Tuesday, January 31, 2012

Inspiration from Percy Jackson

I read the ebook in record time. A middle-grade fantasy with Greek mythology? I couldn't help myself!
It was the first of a series, Percy Jackson and the Olympians, called The Lightning Thief by Rick Riordan. 

I was wrapped up in the plot, rooting for the vulnerable yet hard-fighting heroes, when I mentioned it to my hubby.

"Oh, yeah. I saw movie just like that on TV at my parents."

Apparently, I am behind the times, 'cause I hadn't heard of the 2010 film of the same title as the book. I finished reading it, then watched the movie, curious to see how the plot had been condensed. I'm not a strong plotter and really enjoyed following the tangles and knots Rick had tied.

I'm a writer, so you no doubt think I'm gonna say the book is better than the movie.

Yes, but I'd like to talk about what I think made the book strong and consequently, the movie weaker. Beware the spoilers - I'll try not to be very specific, so you can still enjoy book and film!

First, characters. Book Percy is twelve. His age, dyslexia, ADHD and the lack of explanation about his history, make him vulnerable and approachable. Yet they also make him fight harder and really search for answers instead of just listening dumbfounded. Movie Percy is about seventeen and a "beau gosse" handsome kid. He fights fewer battles, with more teen bravado. Book Grover, his friend and protector, deals with insecurity over a past failure and has a big dream to bring balance back to the environment. Movie Grover is a cool brother, who likes the ladies and wants to earn a promotion. Lesson? Deep characters are worth it. We identify with them, we love them, we respect them.

Second, mixing the modern with the fantastic is one of my favorite things! I'm trying it in my current work in progress. The book was brilliant. Summer camp with the orange t-shirts, the canoes, the mess hall, the cabins...all there. With a cabin for each of the twelve major deities, in their own style. Where you use real weapons and fight hell hounds in Capture the Flag. Cool. In the film, it was too much like stepping into Ancient Greece. Beautiful, but not as...interesting to me. Lesson? Being creative with the setting and mixing it up. Having a Chihuahua that turns into a Chimera on the Saint Louis Arch, is more interesting than a fight in a random Greek structure. Have fun and think hard!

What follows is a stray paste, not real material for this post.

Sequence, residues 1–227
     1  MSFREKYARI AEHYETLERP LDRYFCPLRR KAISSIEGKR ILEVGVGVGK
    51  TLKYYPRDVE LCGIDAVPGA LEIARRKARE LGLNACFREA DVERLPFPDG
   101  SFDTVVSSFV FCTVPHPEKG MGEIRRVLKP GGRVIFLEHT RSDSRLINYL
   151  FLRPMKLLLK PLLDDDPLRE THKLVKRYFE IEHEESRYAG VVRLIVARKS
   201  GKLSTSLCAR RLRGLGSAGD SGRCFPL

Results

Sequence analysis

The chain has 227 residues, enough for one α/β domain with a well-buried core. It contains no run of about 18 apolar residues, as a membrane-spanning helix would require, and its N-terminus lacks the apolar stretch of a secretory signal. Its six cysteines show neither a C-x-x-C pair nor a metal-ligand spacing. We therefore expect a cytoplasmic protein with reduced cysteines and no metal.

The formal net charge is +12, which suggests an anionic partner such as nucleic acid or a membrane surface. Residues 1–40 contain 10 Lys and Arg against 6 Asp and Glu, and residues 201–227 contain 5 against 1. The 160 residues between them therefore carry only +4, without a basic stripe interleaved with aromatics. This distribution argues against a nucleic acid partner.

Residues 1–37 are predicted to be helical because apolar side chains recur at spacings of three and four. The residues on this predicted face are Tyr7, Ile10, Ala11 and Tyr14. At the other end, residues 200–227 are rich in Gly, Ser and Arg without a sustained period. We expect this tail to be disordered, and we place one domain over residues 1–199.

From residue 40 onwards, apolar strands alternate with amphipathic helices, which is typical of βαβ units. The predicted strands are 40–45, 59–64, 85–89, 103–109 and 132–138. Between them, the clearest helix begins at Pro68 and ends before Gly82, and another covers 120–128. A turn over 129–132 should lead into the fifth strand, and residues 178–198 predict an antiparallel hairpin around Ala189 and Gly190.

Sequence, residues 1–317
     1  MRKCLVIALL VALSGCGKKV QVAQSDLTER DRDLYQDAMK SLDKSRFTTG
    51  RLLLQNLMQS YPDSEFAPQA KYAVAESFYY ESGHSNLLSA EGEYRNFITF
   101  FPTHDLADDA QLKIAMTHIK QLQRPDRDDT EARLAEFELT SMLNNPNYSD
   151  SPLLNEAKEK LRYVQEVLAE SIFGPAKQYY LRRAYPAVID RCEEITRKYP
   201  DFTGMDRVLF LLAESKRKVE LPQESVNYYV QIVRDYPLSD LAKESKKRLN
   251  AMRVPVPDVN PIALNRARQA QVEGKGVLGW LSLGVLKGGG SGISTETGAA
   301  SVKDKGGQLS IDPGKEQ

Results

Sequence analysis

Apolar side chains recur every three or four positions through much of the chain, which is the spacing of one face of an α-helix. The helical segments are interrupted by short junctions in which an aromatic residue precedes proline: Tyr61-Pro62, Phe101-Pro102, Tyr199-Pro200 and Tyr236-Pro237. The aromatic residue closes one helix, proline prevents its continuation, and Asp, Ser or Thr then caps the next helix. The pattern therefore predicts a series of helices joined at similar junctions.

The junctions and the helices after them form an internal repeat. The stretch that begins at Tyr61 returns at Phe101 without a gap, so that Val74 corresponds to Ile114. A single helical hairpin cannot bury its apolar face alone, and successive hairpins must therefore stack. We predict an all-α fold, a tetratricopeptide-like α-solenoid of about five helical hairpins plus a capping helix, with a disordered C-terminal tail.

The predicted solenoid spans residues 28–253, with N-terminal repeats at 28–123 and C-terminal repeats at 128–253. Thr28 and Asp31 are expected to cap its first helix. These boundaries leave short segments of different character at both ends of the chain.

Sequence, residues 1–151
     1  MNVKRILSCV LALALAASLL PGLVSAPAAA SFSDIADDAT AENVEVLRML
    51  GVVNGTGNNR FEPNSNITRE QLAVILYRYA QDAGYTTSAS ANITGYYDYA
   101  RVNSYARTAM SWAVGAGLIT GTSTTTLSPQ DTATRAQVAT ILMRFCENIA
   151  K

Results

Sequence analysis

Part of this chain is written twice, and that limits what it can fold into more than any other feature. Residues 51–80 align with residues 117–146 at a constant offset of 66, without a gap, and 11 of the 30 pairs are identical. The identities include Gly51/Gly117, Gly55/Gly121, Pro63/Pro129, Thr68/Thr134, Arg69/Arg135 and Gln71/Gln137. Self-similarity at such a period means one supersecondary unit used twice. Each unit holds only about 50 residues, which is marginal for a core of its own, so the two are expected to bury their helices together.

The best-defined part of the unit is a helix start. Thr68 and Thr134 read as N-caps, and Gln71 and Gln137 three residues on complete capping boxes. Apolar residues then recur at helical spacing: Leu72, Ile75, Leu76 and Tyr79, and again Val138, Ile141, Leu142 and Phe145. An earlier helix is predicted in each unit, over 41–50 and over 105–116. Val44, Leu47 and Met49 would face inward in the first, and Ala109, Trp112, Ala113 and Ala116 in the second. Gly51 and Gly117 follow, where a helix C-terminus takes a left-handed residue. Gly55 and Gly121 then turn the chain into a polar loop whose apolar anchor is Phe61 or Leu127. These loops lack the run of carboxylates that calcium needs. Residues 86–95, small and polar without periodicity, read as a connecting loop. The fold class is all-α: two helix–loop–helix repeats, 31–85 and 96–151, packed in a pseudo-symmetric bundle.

Third, adults and parents roles. Book adults are a bit incomprehensible to the kids, who treat them with respect, either from love or a bit of fear and awe (even the douche-bag step-dad is treated with restraint for good reasons). Adults point the kids in the right direction, toss them a sword pen, for example, but otherwise, the kids do all the action. Movie adults try to make things easier for teens and apologize a lot. I didn't find hand-wringing a very regal action for a god in front of his human son. The scene was handled with the dignity and distance necessary in the book; definitely hard for the father and difficult to understand for the son. I loved the mom/son relationship in the book - especially in the end, when Percy feels all hero-y and how his mom responds to it. It didn't come off that strong in the film. Lesson? Don't dis the parents/adults, but don't let them take over either!

Third, the jump from a middle-grade book to a more teen audience film meant adding a love interest between two characters that wasn't in the book. I thought it really changed the dynamic of the three friends on their quest, to a couple with a third-wheel best friend. Not as fun. And I didn't think it added anything. Other than mushy stuff. Lesson? Consider relationships between characters carefully. Who is the story for and how will a relationship change the feel of the story.